In a big step forward from Paypass, Mastercard will be launching Masterpass, a new payments system that creates a unified digital wallet. Masterpass brings together various forms of payments from NFC to QR into a single account across credit cards and merchants. The solution streamlines online checkout as well without the need to enter details before purchasing so it’s not surprising Mastercard already has plenty of leading merchants and banks onboard for their Australia launch.
Yesterday afternoon at Mobile World Congress, a panel gathered to discuss the opportunities and challenges facing NFC in the retail space presently and in the near future.
Before diving in to what was covered, there’s an important technical detail to discuss that is often not covered at the lab because it is a little too in-the-weeds technical, but is relevant in this context. When we tap a phone to read an NFC tag, the phone is acting as the reader and the tag is being read. In a mobile payments scenario, the Point Of Sale system (or in the UK, “The Till”, as was discussed today) is the reader and your phone is being read. Specifically, it is the secure element that is being read and more often than not that circuitry lives inside one’s SIM card. The carriers in particular are enthused about this arrangement since they control the SIM card and would enjoy having the future of payments standardize around their equipment.
In any case, SIM-based NFC is gaining momentum. There are now 80 million NFC-capable handsets out in the world and 40 million NFC SIMs in those handsets. So to recap, if an NFC-capable device has a regular SIM in it, then it can act as a reader but cannot itself be read, or at least cannot be used for payment.
The panel identified 4 core challenges facing the wide adoption of NFC:
- There needs to be a robust ecosystem of services across multiple verticals to entice consumers to demand the technology of their providers
- There need to be killer apps for the technology beyond payment. Transportation is a good example of a space that could take advantage of this.
- The specification needs to be standardized globally, and the testing and certification process needs to be streamlined
- There needs to be common iconography and a standard global customer journey. If that sounds difficult, consider that there are only 1 or 2 customer journeys that are standardized for plastic credit card usage globally. So there’s hope it can be achieved.
Retailers are not feeling pressure right now to adopt NFC-capable terminals. Consumers are not demanding it yet. One suggestion would be to add some kind of analytics layer, or some kind of mechanism of consumers tapping a check-in when they enter the store. The extra data stores could stand to learn about their customers could sweeten the pot enough for them to invest in new equipment.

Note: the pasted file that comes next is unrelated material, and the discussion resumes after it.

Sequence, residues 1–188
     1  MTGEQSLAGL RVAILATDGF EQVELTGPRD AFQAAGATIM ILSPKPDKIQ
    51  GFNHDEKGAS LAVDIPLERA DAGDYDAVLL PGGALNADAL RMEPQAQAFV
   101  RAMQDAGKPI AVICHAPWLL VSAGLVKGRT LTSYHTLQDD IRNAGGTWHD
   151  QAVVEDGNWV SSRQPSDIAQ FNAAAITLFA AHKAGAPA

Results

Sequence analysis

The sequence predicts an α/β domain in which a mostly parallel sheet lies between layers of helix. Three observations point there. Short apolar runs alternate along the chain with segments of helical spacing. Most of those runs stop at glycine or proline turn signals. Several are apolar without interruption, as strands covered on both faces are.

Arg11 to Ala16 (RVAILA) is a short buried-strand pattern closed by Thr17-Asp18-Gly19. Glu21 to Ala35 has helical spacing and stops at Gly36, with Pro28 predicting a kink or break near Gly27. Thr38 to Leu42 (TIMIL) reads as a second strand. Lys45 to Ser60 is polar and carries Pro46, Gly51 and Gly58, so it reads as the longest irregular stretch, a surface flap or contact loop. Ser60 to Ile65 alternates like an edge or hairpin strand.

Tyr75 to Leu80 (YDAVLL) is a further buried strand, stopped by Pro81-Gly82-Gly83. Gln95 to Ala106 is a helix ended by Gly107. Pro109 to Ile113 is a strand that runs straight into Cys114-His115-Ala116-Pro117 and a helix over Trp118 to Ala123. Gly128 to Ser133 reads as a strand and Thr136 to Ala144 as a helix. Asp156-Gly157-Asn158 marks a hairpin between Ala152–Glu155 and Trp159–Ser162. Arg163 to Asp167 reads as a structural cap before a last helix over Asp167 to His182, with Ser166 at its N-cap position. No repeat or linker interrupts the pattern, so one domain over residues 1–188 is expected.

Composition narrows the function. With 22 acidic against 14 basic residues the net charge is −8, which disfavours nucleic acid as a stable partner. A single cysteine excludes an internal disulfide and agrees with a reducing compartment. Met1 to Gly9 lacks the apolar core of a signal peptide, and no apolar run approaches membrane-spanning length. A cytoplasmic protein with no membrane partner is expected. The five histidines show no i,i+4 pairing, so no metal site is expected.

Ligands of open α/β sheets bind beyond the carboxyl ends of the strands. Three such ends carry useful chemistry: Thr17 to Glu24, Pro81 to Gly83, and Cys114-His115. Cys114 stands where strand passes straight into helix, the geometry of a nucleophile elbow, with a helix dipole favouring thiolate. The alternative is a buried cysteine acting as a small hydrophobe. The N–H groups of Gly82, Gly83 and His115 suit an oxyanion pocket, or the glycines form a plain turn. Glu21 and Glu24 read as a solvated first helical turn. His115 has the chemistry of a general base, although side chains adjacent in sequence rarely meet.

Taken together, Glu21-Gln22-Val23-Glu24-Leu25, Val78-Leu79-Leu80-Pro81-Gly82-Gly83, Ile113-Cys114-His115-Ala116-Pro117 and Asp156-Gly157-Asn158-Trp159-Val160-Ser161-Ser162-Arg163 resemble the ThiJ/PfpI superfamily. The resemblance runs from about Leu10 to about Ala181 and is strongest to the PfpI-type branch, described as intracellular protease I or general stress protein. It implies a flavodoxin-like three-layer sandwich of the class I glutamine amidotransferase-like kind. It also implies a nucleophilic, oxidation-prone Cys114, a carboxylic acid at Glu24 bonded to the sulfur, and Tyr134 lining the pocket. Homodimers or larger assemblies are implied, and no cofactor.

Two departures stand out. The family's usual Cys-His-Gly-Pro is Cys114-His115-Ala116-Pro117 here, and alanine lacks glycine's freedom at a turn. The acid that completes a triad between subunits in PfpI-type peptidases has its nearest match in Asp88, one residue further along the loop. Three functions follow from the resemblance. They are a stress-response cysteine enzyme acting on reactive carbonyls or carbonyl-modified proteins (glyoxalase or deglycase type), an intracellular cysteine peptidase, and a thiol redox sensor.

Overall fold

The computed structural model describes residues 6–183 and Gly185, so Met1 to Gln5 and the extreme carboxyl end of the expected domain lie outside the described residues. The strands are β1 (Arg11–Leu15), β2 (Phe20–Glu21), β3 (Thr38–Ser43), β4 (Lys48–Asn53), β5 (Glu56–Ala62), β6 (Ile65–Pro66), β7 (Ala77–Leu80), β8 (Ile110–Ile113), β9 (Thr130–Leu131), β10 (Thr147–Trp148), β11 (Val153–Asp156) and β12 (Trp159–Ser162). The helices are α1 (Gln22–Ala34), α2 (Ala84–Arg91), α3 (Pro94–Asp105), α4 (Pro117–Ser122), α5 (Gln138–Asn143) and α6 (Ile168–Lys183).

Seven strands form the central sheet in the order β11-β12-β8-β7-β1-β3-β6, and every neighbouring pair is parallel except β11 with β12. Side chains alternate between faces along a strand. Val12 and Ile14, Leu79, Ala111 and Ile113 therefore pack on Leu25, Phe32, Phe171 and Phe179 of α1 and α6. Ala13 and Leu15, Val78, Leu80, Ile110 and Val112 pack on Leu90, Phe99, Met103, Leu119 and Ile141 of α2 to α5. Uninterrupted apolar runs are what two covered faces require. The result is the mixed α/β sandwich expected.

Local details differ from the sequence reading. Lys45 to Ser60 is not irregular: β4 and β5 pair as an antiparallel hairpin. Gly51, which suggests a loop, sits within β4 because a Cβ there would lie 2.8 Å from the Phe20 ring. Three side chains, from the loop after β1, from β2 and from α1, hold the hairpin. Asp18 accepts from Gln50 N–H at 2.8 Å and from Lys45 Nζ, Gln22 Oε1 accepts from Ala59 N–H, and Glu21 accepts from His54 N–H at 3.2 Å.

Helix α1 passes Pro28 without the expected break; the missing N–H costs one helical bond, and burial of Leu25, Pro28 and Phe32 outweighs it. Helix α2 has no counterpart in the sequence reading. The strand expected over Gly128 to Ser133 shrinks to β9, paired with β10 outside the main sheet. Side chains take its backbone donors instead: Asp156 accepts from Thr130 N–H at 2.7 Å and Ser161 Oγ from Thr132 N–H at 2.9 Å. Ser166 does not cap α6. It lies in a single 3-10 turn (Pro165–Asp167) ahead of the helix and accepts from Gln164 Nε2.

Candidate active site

Retailers are feeling some confusion right now because lots of vendors are trying to sell them lots of divergent payment systems and their POS cycles are too long to make a big investment in the wrong technology. They by and large need more certainty before they can bet on a particular technical standard.
One hope about increasing consumer demand for paying with their phones is the general theme that phones are increasingly becoming central to people’s lives in many other ways. The hope is that by 2014 or 2015, the demand to pay with one’s phone will organically grow out of this trend requiring less assistance from big industry programs.
A possible manifestation of NFC payment that could speed this process would be a mechanism where readers are built into laptops, and users can tap their phone to their laptop to pay for items. This solves a pain point for consumers, that of having to key in their credit card number to make a purchase online.
One strongly held view among many of the panelists was that payments will not be the killer app that launches NFC. There’s got to be something utilitarian that improves people’s lives in a more substantial way that gets them interested in the idea od tapping their phones. This may not even be a tap-your-phone-to-a-terminal type interaction. Perhaps it could be a peer-to-peer tapping experience like Android Beam or tapping a phone to tablet.
In terms of non-payment use cases for NFC, many general ideas were discussed. A retail expert suggested the ability to tap as you enter a store to load your loyalty account with special deals just for you. A town manager form the UK suggested civic and public interest uses of NFC out of home in the city centers might help spur adoption.